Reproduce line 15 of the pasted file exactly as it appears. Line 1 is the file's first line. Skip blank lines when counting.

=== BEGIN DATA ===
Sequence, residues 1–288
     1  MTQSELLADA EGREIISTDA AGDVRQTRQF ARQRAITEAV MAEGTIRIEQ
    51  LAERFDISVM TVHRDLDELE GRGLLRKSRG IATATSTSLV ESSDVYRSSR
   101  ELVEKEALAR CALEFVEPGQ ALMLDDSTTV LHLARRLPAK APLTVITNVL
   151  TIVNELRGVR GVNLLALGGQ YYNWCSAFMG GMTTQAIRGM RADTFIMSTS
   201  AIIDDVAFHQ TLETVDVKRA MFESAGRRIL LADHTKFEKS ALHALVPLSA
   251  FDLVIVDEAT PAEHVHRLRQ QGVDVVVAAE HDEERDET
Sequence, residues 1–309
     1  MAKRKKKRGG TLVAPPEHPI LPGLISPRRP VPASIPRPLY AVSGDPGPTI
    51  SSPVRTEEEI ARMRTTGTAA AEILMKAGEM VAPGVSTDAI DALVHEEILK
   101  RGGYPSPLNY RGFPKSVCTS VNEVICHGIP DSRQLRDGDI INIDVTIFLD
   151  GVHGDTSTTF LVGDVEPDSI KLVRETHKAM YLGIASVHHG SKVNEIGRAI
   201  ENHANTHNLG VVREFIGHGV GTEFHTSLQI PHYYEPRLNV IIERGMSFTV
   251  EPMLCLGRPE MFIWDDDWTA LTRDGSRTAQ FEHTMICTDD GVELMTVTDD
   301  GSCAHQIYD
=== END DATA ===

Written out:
   301  GSCAHQIYD